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eing a student with a disability adds a whole new aspect to choosing a university, and can make deciding where you’re going to spend the next three years of your life even more daunting. Fortunately, there is a strong and effective support network at Oxford, which can make the whole process much easier.


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Physical accessibility can differ significantly from college to college and department to department, meaning that choices of college and course are particularly important. Three colleges (St John’s, Wadham and St Catherine’s) are completely wheelchair accessible, and several other colleges have specially adapted accommodation and lecture rooms. The more recently built faculties have ramps, automatic doors and lifts, but older buildings may be more difficult to access. The city as a whole is also becoming increasingly accessible. Driving around the city can be slow, but the parking bays in the town centre are currently free to those with Blue badges. People with mobility impairments are also entitled to free bus travel in and around Oxford through the Oxford City council. To aid with getting around the city, electric scooters and manual and electric wheelchairs can also be borrowed for free from the Shopmobility centre in the city centre.


The Disability Advisory Service can be very helpful in arranging note-takers, library assistants and other study aids, and may be able to recommend other useful provisions that are more specific to individual disabilities, such as study skills support sessions. The new Oxford University Assessment Centre provides study needs assessments in a central and convenient location to determine what sort of support or assistive technology you might need.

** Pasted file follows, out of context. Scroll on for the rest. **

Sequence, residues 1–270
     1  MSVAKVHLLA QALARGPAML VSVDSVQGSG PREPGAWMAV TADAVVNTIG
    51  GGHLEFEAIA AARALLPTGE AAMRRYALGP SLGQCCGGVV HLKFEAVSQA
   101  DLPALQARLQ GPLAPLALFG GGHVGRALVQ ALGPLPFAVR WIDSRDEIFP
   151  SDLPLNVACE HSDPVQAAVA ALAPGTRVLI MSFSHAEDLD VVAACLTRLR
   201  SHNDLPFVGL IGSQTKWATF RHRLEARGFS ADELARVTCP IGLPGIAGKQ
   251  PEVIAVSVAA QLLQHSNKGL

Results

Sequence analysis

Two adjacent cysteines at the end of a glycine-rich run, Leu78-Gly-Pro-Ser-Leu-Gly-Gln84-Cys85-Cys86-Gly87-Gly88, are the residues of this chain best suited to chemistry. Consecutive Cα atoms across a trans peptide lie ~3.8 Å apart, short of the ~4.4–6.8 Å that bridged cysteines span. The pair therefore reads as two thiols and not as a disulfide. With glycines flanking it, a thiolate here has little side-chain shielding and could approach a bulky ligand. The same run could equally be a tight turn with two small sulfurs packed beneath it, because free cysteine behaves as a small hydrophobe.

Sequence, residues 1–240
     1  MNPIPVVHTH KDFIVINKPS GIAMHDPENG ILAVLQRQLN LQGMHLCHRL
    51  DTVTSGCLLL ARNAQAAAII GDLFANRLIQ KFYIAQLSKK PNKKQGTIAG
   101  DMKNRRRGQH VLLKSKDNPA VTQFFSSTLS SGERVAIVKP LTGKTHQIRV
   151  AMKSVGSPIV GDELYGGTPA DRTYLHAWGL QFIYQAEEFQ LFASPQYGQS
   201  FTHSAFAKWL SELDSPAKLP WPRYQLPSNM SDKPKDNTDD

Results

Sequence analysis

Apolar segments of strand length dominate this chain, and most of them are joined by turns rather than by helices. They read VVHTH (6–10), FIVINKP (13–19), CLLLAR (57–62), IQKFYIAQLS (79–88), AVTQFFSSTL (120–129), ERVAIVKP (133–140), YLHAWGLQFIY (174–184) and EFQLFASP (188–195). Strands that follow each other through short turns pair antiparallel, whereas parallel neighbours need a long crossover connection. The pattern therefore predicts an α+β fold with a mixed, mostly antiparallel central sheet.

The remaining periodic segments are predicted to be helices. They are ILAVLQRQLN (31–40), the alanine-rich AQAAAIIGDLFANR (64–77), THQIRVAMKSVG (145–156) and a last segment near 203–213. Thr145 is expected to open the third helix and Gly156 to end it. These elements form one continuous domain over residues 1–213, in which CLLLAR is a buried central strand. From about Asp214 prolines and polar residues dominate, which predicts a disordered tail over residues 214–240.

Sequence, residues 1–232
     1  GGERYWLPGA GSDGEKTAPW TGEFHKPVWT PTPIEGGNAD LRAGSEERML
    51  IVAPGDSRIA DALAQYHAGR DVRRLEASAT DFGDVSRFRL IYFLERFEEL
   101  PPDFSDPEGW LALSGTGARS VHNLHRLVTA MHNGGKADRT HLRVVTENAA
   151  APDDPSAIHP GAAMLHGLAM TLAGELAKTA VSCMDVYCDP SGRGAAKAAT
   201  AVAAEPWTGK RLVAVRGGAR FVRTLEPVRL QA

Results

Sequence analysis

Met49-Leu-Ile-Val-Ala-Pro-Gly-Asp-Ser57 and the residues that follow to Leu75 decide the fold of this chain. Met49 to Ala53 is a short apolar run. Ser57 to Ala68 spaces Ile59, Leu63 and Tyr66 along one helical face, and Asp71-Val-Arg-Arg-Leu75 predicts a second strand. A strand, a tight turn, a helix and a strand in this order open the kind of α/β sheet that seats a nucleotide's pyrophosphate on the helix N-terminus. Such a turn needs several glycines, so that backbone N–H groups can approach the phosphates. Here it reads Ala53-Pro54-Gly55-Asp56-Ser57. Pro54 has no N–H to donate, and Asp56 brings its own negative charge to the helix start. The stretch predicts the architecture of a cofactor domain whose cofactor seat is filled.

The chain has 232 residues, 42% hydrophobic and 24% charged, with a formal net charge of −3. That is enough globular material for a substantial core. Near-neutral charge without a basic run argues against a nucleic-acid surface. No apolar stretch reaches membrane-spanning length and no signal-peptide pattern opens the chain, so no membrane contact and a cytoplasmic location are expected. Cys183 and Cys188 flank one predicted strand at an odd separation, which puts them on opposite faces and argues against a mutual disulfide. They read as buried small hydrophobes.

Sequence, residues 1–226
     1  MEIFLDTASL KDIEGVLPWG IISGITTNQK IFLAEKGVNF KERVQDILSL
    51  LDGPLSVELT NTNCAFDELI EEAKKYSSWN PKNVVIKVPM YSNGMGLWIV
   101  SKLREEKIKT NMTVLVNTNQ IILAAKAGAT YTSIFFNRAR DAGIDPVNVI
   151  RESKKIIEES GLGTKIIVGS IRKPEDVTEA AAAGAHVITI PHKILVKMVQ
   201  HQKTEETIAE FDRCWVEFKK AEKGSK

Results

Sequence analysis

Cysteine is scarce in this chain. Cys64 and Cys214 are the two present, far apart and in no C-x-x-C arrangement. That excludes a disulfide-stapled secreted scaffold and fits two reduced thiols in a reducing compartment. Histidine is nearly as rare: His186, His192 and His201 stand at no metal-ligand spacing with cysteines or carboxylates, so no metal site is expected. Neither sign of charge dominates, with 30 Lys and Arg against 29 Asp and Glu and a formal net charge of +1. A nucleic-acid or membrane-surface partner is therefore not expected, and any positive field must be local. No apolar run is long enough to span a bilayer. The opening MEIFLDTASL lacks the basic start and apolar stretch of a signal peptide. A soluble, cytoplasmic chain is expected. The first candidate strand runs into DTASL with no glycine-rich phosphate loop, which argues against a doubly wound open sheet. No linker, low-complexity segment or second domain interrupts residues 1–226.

It is always useful to speak to colleges, departments and even your tutors about individual requirements, as they will often be able to be more helpful on a one- to-one level. Oxford University Student Union has several schemes designed to address the welfare issues of students with disabilities. Some examples are the buddying system for new students with Asperger’s Syndrome and the mental health mentoring scheme, both of which have been very helpful to current students. There are also the Students with Disabilities Campaign and the Mind Your Head Campaign, which aim to raise awareness of physical and mental disabilities in and around the University. The Student Union also produces a guide for Students with Disabilities, which can be requested by emailing publisher@ ousu.org.


In terms of the university as a whole, the Disability Advisory Service is a fantastic resource. They are familiarw with most forms of disability, and can help you arrange anything from exam concessions to Braille printing. If you are eligible for Disabled Students’ Allowance (which you apply for through your LEA) the Disability Advisory Service can help you obtain any equipment that is deemed necessary, and make arrangements for non-medical assistants such as note takers or library assistants. They also publish an access guide for all the colleges and departments and can be contacted with any questions by emailing disability@admin.ox.ac.uk.


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